Our mission is to change those beliefs and lay a foundation for mathematics to be meaningful, enjoyable and accessible for all.

We are not alone in the mission. The National Council for Teaching Mathematics’ *Catalyzing Change *initiative also focuses on broadening the purpose of school mathematics, dismantling obstacles faced when learning mathematics, implementing equitable instructional practices, and organising mathematics to provide a strong foundation of deep mathematical understanding for each and every child. (NCTM, 2020)

Teachers, too, are working hard to change the narrative of mathematics from a painful time of memorisation and worksheets to an enjoyable sensemaking and problem-solving experience.

As school moves home, we also want to see these conversations being shared at home. Doing mathematics at home should not be the land of “death by worksheet” and endless skill practice.

Students should be learning by explaining their thinking. Yes, there is some skill practice, but much of that can be in the form of games and applications, not just constantly completing worksheets.

Today, parents join the fight. But this is not without challenge or sacrifice. Families are finding a new normal where everyone is together all the time, which can be overwhelming. Learning with your child should never become a burden.

Our undertaking is to open the doors to teachable moments, so adults and children enjoy learning mathematics together.

**If you’re a teacher**, we encourage you to consider resources that can be implemented at home, by caregivers, and understand that parents may be uncomfortable with maths.

You might need to provide background or guidance on how to introduce a concept or strategy, for example, the count-on strategy. The assignments and resources you share could be an opportunity to change adult perceptions of mathematics, while helping children learn.

Be realistic in your expectations and look for opportunities to integrate mathematics with other subjects.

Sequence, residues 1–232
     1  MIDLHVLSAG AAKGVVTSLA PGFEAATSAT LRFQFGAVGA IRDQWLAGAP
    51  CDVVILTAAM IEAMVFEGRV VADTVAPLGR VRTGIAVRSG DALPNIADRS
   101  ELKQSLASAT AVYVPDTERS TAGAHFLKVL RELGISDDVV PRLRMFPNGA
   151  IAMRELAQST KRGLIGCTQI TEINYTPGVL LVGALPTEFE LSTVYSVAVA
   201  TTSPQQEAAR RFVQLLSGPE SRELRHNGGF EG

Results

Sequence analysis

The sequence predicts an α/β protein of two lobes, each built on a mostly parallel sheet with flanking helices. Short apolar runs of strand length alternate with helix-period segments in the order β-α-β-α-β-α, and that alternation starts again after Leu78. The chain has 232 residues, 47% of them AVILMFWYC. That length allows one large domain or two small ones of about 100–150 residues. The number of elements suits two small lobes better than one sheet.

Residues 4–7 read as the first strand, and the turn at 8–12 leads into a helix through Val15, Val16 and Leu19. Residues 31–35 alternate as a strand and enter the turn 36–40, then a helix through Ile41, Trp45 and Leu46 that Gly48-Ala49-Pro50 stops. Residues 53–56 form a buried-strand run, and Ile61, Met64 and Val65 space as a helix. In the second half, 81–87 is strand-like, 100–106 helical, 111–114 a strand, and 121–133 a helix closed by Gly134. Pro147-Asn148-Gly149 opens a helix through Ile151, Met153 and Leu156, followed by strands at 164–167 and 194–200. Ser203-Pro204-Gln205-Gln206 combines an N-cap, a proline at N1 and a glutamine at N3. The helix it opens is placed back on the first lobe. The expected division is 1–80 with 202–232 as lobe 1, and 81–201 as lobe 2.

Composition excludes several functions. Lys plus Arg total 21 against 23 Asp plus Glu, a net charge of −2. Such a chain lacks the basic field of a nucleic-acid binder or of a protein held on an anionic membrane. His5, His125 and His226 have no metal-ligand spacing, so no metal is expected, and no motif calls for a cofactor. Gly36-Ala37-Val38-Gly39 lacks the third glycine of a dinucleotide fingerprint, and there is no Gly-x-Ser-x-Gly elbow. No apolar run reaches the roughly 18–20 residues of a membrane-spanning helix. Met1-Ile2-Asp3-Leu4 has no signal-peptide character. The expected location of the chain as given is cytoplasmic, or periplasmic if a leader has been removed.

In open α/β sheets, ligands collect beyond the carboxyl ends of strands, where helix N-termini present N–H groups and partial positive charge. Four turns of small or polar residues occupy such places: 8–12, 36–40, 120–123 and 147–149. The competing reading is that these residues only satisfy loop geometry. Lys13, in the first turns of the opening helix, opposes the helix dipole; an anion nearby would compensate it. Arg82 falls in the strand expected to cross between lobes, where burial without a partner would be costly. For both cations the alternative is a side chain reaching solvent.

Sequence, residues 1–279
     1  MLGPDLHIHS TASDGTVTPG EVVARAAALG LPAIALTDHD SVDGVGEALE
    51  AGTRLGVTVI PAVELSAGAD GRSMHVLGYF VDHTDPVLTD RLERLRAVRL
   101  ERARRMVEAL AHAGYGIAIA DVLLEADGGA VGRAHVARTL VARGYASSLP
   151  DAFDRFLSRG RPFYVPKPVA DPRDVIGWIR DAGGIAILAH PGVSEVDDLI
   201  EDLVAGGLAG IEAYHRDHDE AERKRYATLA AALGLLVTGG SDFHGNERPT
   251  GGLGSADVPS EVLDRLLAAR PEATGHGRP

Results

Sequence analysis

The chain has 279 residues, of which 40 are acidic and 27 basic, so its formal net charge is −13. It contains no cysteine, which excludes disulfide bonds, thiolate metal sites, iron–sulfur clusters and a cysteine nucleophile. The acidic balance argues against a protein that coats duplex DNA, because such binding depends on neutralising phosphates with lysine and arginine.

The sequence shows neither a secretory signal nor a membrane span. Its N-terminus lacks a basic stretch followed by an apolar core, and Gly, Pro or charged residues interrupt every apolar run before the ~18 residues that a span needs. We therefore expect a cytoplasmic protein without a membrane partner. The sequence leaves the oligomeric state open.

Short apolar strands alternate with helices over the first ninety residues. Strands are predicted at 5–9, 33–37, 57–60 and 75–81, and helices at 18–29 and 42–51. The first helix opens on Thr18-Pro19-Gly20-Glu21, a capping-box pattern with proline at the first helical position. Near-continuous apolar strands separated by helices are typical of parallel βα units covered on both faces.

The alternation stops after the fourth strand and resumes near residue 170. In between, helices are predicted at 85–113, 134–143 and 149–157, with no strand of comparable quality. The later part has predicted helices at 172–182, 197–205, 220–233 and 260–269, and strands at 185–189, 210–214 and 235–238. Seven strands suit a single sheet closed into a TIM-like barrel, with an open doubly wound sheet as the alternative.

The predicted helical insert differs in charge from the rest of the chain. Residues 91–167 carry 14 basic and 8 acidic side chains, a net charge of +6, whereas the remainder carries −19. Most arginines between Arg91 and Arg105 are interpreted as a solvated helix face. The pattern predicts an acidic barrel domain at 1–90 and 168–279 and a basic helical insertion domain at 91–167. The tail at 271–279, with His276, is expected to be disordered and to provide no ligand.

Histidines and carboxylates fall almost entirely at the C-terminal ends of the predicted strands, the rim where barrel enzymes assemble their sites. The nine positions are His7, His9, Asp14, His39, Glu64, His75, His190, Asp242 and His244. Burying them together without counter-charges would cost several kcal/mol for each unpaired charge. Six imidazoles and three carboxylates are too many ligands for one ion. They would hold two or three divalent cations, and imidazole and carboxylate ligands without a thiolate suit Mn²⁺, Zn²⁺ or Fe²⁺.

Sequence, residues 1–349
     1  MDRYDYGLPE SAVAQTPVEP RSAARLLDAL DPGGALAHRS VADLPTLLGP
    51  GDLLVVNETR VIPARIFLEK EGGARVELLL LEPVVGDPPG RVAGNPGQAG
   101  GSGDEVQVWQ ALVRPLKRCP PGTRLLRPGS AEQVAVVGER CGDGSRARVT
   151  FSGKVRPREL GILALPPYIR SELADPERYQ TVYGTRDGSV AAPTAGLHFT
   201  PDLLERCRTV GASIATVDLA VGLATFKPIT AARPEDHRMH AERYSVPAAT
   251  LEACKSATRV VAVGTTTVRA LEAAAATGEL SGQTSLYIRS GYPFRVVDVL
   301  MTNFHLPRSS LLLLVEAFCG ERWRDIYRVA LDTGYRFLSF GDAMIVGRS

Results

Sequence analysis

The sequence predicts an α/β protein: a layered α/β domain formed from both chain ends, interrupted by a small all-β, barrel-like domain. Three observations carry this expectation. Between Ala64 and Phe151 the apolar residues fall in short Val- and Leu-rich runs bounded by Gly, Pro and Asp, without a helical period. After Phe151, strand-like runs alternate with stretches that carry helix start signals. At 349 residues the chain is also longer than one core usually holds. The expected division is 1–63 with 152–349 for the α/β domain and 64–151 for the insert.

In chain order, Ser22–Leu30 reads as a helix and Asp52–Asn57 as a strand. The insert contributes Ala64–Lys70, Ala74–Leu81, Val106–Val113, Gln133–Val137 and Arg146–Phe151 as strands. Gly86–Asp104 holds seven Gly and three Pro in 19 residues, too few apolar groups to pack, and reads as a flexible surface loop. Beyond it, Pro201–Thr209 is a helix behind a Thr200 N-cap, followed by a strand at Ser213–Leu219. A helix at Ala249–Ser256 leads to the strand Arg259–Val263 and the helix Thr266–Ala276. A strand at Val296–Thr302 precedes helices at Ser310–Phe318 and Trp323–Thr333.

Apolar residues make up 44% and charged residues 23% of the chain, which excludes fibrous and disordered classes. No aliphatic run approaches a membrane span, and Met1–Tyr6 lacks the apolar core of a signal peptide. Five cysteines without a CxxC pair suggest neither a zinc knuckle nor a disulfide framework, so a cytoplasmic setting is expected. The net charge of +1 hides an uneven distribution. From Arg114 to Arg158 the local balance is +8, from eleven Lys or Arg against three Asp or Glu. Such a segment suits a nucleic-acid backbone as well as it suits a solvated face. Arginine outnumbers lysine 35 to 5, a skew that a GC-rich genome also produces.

**If you’re an administrator**, we encourage you to support your school community, both teachers and families, in finding opportunities to experience mathematics as meaningful and enjoyable.

**If you’re a parent**, we encourage you to talk with your child about mathematics. Open their eyes to the everyday applications of mathematics by including them in the day to day decisions you make.

Ask an older child to do the maths of the grocery budget or scaling a recipe. Ask a younger child to help match socks by colour or count the eggs in the carton.

(Reference: National Council of Teachers of Mathematics (2020). *Catalyzing Change in Early Childhood and Elementary Mathematics: Initiating Critical Conversations*. (Huinker, D., Editor) Reston, VA: Author )

We have put together a series of open access resources designed to encourage mathematics learning at home, and for the long term when schools do reopen.

Written for parents and caregivers in grades PreK-6, teachers can share ORIGO at Home with their school community to reinforce maths concepts and skills along a research-based, developmental scope & sequence. To find out more go to www.origoeducation.com/athome.

**Dr** **Sara Delano Moore is director of professional learning and mathematics advisory board chair, and Peter Stowasser is lead writer and mathematics advisory board member at ORIGO Education.**

No detail was provided about what these skills might be. No mention was made about the skills the future workforce currently studying in primary and secondary schools should be receiving now.

So, what skills from the discipline of mathematics are important today?

The Australian curriculum (ACARA) for mathematics focuses on four key aspects (called proficiency strands) for every content area at every grade level. The proficiency strands are **understanding, fluency, problem-solving** and **reasoning**.

This delineation helps stress the fact that there is much more to mathematics than meaningless out-of-date procedures such as long multiplication or long division.

The following extract from the ACARA document indicates what is expected for each of the proficiency strands at Year 6 when teaching decimals, fractions and percentages: